1 1 The Apostle Paul, Part 6 of 6: From a Jerusalem Riot to Prison in Rome! By Joelee Chamberlain Well, we've had some exciting talks about the life of the apostle Paul, haven't we?! How he was miraculously saved on the road to Damascus and then about the three missionary journeys he went on where there were riots and escapes from bad people and an earthquake and all sorts of things! I even told you last time about a young man falling asleep during the sermon and falling out of the window! But then the last time I had to stop talking to you just as a rioting crowd of men had been beating Paul and was about to kill him, but they were stopped by the Roman soldiers! So let's go on now and see what happened next, okay? And we'll finish up the series of stories we're having about the apostle Paul. Now, where in the Bible are we going to be able to find this? Yes, in the book of Acts in the New Testament. And who wrote the book of Acts? That's right, Luke, a doctor, wrote Acts, the same man who wrote the Gospel of Luke. But first, why was the mob rioting this time? Well, remember, Paul had been at the temple in Jerusalem, and some unbelieving Jews saw him there, and they started yelling, "Men of Israel, help us! This is the man who teaches everyone not to obey the law of Moses and not to follow our customs! And now he has brought a Gentile into the temple!!" Well, none of that was true, was it?! But some of them thought it was true, and everyone started running together and grabbed Paul and dragged him out of the temple area and the doors were slammed shut! And the bad men began beating Paul and were about to kill him. But, remember, the Romans ruled then, and they had a fort right next to the temple, so they heard all of the racket, and the commander of the fort took soldiers and officers and ran down and got Paul away from the mob and tied him up. Then the Roman commander asked who Paul was and what he'd done wrong. Well, the crowd wasn't quite sure! Some said one thing, and some said other things! They just knew that they were excited and wanted to kill Paul! (We need to be careful not to follow crowds without knowing what's going on, don't we?!) Well, the commander said, "Carry this man into the fort!" And the mob was so excited and so bad that the soldiers actually had to pick Paul up and carry him! But the crowd followed the soldiers, shouting, "Kill him! Kill him!" As Paul was then being led into the fort, he spoke to the commander in Greek. Greek was the common language then. Many of the Jews spoke the language of the Hebrews, though. But Paul said to the commander in Greek, "Please, may I speak to you?" The commander seemed surprised and said to Paul, "Can you speak Greek? Aren't you that Egyptian who's been making such an uproar and who led 4000 murderers out into the desert?" You see, the commander didn't know who Paul was at all and actually thought he was a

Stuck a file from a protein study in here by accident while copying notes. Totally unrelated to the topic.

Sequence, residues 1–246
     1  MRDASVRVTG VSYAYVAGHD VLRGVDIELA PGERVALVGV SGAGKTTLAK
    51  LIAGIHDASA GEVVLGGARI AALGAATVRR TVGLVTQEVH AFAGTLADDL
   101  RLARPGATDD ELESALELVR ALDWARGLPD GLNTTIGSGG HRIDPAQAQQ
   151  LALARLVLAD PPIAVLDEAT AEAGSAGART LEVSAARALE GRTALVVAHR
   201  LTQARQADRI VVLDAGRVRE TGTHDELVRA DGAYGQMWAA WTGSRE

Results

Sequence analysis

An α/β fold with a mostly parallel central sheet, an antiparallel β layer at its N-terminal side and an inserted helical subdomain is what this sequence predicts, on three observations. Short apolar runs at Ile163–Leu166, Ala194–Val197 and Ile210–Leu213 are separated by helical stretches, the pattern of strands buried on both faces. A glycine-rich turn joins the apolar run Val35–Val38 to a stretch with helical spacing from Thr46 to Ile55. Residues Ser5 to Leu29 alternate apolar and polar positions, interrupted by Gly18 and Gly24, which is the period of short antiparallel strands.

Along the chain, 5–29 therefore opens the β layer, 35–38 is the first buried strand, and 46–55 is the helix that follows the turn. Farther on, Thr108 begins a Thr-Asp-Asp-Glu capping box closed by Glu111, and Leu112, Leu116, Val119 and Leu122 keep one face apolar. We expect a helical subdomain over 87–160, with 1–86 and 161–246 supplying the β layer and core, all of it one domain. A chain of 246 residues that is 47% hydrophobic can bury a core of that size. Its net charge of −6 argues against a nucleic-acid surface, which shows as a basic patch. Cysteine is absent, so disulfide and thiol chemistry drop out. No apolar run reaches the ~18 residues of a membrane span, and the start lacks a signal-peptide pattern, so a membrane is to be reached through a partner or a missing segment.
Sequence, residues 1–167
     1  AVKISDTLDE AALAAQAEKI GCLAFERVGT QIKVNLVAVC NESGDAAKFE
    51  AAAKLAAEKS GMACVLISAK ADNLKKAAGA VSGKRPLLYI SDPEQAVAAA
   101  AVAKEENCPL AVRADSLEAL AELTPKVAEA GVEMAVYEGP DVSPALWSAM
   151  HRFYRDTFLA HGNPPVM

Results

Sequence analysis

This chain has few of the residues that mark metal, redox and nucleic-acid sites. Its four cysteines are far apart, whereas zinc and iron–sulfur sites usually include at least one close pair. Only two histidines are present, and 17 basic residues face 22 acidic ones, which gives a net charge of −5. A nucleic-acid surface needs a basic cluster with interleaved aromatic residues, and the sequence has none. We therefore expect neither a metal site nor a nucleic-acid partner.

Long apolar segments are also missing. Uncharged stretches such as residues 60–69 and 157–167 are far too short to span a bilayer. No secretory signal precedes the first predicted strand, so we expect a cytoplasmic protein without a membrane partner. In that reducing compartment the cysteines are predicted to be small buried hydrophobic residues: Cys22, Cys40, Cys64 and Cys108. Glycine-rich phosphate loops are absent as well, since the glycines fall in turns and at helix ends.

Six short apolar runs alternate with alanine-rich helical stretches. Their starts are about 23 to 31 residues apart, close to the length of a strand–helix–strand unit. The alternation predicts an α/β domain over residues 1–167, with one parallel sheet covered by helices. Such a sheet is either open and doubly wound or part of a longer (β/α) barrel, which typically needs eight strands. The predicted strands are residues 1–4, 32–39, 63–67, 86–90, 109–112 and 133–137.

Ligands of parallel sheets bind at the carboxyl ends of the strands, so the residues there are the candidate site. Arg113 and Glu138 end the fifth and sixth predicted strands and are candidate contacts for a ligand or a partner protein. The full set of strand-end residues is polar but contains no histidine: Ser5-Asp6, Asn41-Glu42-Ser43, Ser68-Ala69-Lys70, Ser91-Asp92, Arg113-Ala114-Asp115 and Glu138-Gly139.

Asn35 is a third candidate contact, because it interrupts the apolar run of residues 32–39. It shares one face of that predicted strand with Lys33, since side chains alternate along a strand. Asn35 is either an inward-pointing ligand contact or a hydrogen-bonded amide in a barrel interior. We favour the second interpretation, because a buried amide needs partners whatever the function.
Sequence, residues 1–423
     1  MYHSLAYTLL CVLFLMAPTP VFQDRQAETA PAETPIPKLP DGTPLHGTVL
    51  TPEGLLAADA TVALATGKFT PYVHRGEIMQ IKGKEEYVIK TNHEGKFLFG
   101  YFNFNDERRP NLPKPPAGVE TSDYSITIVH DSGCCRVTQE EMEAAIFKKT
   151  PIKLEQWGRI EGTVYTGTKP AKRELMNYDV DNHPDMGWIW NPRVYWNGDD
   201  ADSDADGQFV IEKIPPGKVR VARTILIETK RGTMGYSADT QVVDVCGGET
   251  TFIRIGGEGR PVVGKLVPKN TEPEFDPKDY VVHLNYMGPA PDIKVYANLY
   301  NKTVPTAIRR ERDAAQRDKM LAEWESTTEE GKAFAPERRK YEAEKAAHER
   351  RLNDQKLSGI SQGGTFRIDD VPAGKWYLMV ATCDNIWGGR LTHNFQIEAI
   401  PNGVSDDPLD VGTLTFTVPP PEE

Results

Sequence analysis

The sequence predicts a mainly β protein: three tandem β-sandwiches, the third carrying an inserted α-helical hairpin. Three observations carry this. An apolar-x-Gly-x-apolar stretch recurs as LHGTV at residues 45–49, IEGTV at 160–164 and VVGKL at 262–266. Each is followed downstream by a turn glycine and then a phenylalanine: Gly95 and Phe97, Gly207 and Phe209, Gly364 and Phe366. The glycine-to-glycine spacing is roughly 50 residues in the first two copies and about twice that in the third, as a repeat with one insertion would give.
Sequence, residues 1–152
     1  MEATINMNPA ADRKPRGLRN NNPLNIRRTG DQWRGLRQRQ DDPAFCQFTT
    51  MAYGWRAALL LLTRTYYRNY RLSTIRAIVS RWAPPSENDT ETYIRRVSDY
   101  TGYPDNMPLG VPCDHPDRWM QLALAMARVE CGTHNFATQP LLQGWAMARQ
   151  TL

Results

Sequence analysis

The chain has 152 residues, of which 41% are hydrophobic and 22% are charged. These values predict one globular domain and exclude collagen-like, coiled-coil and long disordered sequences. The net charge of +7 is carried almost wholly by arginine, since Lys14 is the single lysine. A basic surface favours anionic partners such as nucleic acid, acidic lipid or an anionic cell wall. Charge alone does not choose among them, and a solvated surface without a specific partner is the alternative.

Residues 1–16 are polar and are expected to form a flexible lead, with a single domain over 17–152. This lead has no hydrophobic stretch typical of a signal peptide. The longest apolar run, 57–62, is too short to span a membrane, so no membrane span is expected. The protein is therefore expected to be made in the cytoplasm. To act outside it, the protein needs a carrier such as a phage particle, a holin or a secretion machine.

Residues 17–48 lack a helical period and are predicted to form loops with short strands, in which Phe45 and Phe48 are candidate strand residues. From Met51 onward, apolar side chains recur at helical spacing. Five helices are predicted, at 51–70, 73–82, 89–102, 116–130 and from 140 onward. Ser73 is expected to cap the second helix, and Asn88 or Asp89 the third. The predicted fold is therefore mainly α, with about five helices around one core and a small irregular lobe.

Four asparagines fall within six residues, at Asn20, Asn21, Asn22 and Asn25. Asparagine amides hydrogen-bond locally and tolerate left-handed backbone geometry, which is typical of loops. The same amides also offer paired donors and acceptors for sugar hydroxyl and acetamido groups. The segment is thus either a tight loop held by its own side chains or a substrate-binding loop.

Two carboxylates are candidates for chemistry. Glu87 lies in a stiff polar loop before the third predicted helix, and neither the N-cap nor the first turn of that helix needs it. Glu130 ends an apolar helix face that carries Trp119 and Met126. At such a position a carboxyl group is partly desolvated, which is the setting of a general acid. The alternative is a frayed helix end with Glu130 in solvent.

2 2 really bad man! But Paul said, "I am a Jewish man from the important city of Tarsus." And Paul said to the commander, "Please let me speak to the people." The commander said he could, so Paul stood there on the stairs leading into the fort and put up his hand for the people to be quiet. Finally they were very quiet, and Paul began speaking to the people in the language of the Hebrews. "Men and brothers," Paul said, "Please listen as I tell you my side of the story." Well, when the Jews heard him speaking their own language, they were even more quiet, so Paul went on and explained to them who he was. He said, "I am a Jew born in Tarsus, but I learned from the great teacher Gamaliel right here in Jerusalem. I learned about the laws of our fathers. And I wanted to please God, so I used to persecute, believers in Jesus, tying them up and taking them to prison and some were even killed. The high priest and our other leaders here know this, and they gave me letters so I could go to the city of Damascus and tie up the believers there and bring them back here to Jerusalem to be punished. But in the middle of the day as I was traveling along and got near to Damascus, suddenly a great light shone around me, and I fell to the ground, and a voice spoke to me saying, `Saul, Saul, why are you persecuting me?' Well, I answered the voice and said, `Who are you, sir?' And he said to me, `I am Jesus of Nazareth whom you are persecuting.'" Paul kept talking and said, "There were men with me, and they saw the light and were afraid, but they didn't know what was being said. And I said, `What shall I do, Lord?' And the Lord said to me, `Get up and go into the city of Damascus, and you will be told there what you must do.' And when I got up, I couldn't see because the light had been so bright, and they took my hand and led me into Damascus." And Paul said, "And there was there in Damascus a godly man named Ananias, and all the Jews there respected him. And Ananias came to me and said, `Be able to see.' And right away I could see again. And Ananias said to me, `God has chosen you to know what He wants done and to tell people what you have seen and heard.' And Ananias said to me, `Now why are you waiting? Get up and be baptized. Call on the name of the Lord to be saved.'" Paul kept talking to the crowd of people and said, "And when I went again to Jerusalem, I was praying in the temple, and I had a vision in which the Lord warned me to leave Jerusalem right away, as the Jews there wouldn't listen to me if I told them about Jesus. And I said to the Lord, `Lord, they know I used to persecute believers in Jesus, having them beaten and thrown in jail and even agreeing when they were killed. In fact, when Stephen was stoned, I held their coats while they threw the stones at him to kill him.' And the Lord then said to me, `Just leave. Because I'm going to send you far away to the Gentiles.'"